Innovation and new technology insertion

Ora_Innovation-sourcesFor engineering organizations, where does innovation come from?

When we put that question to EPC firms serving the process and power industries, the most frequent answer was “our projects” and the people working directly in project execution. Forty percent of respondents said their firms’ most important source of innovation is the discovery and application of new technologies and approaches by discipline leads, engineers and managers seeking solutions to pressures and exigencies in a specific project or program.

In second place was “anywhere and everywhere”—27% said innovation at base is a function of their organizations’ culture, and thus can arise from any area in the firm.

In third place was the IT department, named as the top source of innovation by 17% of respondents. While not quite the picture painted in some CIO-oriented publications, these findings align with what our research and others’ suggests is an evolving role for the CIO’s office: to provide enabling infrastructure in support of digital technology initiatives that, more and more, originate from the project execution centers of engineering, manufacturing and construction enterprises.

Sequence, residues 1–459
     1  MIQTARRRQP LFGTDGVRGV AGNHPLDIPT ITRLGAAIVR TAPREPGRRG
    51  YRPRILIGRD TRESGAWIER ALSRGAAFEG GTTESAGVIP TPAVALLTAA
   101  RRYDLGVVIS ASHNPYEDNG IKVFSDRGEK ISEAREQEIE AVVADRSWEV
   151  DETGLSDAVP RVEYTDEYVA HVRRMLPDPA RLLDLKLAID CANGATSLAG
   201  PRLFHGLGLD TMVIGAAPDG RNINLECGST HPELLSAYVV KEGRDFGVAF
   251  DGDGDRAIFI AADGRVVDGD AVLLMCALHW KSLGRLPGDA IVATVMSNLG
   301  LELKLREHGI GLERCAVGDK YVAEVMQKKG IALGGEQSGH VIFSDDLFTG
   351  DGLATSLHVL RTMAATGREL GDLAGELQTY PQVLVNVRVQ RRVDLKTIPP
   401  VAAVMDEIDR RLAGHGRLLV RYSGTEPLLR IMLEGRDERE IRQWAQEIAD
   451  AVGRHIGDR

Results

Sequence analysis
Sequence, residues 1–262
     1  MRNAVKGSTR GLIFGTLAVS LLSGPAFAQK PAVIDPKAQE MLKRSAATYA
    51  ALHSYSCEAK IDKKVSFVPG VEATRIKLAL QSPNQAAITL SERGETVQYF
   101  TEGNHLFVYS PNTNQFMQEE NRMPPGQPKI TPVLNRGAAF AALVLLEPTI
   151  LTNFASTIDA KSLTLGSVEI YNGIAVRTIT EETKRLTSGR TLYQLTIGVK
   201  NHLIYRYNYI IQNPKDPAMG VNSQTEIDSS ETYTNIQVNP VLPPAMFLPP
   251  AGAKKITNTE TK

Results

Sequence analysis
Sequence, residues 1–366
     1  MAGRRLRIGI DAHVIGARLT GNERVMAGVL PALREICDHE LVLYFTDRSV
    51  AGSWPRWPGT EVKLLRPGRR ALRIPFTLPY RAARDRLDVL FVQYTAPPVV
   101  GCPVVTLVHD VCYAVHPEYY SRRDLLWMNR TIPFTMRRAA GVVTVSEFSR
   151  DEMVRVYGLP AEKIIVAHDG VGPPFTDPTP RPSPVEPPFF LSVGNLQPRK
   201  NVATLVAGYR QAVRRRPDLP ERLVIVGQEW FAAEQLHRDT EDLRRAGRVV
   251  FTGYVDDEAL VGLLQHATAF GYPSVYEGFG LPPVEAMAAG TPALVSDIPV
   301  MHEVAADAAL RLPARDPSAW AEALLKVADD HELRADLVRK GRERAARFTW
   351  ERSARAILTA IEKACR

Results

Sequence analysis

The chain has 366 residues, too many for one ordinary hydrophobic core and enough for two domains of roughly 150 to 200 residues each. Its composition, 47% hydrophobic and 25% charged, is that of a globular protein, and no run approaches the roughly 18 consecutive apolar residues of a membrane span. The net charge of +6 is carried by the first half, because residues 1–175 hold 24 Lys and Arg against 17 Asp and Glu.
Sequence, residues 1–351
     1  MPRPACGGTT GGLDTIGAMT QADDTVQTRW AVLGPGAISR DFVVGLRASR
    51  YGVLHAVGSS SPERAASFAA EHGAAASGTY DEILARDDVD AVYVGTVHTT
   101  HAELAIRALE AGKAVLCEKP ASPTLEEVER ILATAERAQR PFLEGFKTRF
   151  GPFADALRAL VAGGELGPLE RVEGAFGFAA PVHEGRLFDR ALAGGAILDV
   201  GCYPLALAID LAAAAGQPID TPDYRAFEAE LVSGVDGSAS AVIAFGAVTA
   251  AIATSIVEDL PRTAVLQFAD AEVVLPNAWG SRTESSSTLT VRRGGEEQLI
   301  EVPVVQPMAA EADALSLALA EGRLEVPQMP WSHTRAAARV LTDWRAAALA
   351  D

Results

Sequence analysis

Technology insertion → work process adaptation → culture change → innovation

The linkage among technology, work process, culture and innovation in engineering organizations is fundamental. Far beyond the necessity to adapt work processes to take best advantage of a new tool, insertion of the right technology in the right manner can foster and enable step-change improvement and innovation in how engineers, project teams, departments and organizations conceive, structure and execute their work.